I’m not one to stomach scenes with a lot of violence in a visual medium. And so, when I watched Danaerys Targaryan eat a horse’s heart with Khal Drogo and their many other Dothraki counterparts watching on, I wanted to barf. It didn’t help that I was eating a particularly ingenious combination of cottage cheese and salsa.
Nope. Never going near that dish again.
It doesn’t worry me that the Game of Thrones is a narrative peppered with violence, rape or gore. In a storyline that is grounded in some historical events there is a need for authenticity. In a story line that looks at the Middle Ages where women were treated in a certain manner, war was but common, the use of violence, rape and gore is a part of the narrative. Where swordfights and unthinking stabbing was the order of the day, where brothels and violence against women occurred very frequently, it is but natural to portray them all, if you want to stay authentic to portraying a storyline deriving from a given ethos.
What troubles me is the politics of this portrayal, in importing the narrative from the book to a visual medium. And that, for me, is encapsulated in a single question: Why objectify the female body, and tastefully censor the male body?
There is plenty of show of skin where women go: the female body has been objectified time and again, while the most nudity that the male body is subjected to, is a naked back up to the torso. There is an overt portrayal of women in frontal nudity. From manicured bodies that stand as props, to sex scenes completely pivoting around the woman’s body, there is no holding back on the frontal nudity at all. The result, as it appears, is bordering on soft porn.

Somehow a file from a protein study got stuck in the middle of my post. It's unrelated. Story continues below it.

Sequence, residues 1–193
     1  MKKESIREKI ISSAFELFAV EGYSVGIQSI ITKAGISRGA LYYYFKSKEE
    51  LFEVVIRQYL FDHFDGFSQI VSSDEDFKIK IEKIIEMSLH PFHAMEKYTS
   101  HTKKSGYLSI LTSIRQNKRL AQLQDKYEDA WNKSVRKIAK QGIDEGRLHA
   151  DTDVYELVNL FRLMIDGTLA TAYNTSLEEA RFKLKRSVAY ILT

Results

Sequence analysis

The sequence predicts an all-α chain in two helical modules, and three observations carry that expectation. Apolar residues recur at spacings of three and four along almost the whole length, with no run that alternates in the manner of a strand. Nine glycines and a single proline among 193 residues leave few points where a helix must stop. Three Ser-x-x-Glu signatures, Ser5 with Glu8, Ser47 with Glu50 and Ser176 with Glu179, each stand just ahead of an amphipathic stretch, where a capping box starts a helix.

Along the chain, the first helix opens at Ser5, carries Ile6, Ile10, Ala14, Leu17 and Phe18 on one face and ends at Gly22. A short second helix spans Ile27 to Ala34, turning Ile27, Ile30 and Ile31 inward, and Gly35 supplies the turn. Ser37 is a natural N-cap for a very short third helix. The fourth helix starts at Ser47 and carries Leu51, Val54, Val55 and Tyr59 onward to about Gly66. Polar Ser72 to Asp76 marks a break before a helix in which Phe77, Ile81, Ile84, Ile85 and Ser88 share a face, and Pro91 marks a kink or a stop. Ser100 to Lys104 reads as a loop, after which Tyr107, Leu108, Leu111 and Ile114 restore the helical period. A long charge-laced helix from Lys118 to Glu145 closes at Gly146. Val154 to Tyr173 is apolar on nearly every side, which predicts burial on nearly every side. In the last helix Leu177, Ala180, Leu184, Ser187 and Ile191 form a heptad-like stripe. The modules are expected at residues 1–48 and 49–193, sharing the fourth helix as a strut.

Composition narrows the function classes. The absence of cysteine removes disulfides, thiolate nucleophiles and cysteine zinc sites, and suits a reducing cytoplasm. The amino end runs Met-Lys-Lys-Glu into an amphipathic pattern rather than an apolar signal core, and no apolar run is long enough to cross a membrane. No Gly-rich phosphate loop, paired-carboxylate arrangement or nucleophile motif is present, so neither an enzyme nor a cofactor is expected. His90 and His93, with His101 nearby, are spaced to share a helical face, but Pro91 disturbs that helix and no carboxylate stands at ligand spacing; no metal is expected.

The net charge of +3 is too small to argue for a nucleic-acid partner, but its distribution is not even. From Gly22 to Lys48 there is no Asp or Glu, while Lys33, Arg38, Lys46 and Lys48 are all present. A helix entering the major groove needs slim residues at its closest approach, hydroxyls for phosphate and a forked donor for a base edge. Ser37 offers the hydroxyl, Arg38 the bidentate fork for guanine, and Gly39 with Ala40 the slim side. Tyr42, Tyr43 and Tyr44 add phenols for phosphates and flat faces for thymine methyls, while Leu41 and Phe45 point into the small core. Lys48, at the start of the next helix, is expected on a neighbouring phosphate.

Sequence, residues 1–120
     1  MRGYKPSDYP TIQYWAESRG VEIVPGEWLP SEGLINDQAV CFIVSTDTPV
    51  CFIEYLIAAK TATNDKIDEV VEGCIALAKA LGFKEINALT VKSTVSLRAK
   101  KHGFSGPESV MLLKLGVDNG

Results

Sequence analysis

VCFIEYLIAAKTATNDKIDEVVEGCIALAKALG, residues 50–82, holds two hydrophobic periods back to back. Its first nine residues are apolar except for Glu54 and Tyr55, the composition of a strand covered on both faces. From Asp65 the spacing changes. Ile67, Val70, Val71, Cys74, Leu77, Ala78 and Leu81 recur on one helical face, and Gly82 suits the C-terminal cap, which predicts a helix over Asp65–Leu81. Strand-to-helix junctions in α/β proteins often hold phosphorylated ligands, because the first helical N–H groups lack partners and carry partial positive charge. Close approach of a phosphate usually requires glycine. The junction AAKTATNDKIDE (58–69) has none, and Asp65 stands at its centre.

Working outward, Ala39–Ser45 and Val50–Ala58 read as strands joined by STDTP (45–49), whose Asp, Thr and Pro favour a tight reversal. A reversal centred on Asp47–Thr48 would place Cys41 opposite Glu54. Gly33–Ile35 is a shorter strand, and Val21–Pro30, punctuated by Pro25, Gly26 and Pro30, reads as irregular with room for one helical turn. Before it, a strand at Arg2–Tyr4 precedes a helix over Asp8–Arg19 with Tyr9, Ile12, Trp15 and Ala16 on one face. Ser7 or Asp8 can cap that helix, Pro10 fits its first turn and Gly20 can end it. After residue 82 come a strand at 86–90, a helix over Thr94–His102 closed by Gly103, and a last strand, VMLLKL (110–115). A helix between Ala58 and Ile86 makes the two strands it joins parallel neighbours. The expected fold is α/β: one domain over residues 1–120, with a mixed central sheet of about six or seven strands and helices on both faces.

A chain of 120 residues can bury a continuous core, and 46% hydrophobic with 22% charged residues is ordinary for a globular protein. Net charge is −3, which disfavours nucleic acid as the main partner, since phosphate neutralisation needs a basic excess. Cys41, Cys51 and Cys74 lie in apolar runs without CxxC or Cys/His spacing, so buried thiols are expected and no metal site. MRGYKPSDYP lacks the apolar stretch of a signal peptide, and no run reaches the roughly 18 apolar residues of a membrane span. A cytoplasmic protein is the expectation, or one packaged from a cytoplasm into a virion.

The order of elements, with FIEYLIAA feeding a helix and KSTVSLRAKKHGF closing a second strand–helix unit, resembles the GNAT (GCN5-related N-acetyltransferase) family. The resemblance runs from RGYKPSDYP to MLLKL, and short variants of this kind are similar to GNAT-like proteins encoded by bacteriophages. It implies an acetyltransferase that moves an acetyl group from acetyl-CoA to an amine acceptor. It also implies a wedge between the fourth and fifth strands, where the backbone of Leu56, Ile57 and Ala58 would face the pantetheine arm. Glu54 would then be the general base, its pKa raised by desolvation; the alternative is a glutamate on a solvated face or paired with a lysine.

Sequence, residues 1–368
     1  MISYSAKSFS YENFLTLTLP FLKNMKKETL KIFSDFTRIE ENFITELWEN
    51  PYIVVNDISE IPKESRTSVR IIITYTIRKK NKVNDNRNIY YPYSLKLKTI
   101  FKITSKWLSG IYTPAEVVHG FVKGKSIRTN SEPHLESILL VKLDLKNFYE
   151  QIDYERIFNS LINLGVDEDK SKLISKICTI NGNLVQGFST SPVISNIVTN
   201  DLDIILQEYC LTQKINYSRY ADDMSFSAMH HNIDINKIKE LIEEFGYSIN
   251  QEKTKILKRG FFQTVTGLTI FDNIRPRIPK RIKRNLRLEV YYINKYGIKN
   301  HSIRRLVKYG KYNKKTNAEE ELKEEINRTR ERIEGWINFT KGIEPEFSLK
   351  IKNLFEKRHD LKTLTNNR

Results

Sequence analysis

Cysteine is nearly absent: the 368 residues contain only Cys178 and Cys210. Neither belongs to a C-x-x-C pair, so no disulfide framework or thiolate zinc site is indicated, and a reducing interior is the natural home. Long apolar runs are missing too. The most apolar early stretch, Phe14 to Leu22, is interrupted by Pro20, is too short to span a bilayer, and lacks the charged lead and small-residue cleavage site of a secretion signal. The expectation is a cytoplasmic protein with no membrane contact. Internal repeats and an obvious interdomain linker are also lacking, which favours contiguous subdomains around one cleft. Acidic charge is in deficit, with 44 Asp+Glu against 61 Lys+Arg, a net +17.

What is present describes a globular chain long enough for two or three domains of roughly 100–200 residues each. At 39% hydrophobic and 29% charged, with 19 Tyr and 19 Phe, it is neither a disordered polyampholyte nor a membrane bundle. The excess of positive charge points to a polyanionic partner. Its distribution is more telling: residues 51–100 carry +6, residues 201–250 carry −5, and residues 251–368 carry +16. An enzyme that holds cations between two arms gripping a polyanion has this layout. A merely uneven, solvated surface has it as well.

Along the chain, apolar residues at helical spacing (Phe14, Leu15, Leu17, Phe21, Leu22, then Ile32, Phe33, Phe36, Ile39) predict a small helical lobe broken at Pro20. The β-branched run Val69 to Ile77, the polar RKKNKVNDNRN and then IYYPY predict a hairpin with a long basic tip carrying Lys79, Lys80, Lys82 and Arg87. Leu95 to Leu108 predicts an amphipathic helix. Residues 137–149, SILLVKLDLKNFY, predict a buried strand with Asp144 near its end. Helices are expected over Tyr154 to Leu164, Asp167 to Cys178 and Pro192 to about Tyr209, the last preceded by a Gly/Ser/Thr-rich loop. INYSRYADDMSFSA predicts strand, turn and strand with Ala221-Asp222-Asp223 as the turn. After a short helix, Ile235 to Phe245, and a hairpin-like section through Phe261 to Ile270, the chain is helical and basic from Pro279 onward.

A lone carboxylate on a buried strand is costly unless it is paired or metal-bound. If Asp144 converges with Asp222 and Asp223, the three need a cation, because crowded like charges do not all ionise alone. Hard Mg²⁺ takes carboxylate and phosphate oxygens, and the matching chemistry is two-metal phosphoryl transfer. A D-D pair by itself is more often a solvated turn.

Why is there a double standard?
It is irksome that the female body is given precedence in the portrayal of a storyline that actually takes the patriarchy on with strong female characters. On the one hand, you have a range of women who stand for their intellect, integrity, leadership values – the likes of Arya Stark, Cat Tully, Danaerys Targaryan, Brienne of Tarth and Margery Tyrell to name a few. On the other hand, you have naked bodies standing as props – which is perhaps an authentic portrayal of the brothels and what not, but why is there an overt reliance on frontal nudity?
It makes it hard to reconcile the blatantly unthinking objectification with the strength of character that the women depict. The undercurrent where Game of Thrones condemns men for misusing women while holding positions of power is lost, as the objectification of women in the portrayal is really just that: misusing women.
ABOUT THE AUTHOR
Kirthi Jayakumar is a lawyer, writer, artist and activist. She founded and runs The Red Elephant Foundation, a civilian peacebuilding initiative built on values of storytelling.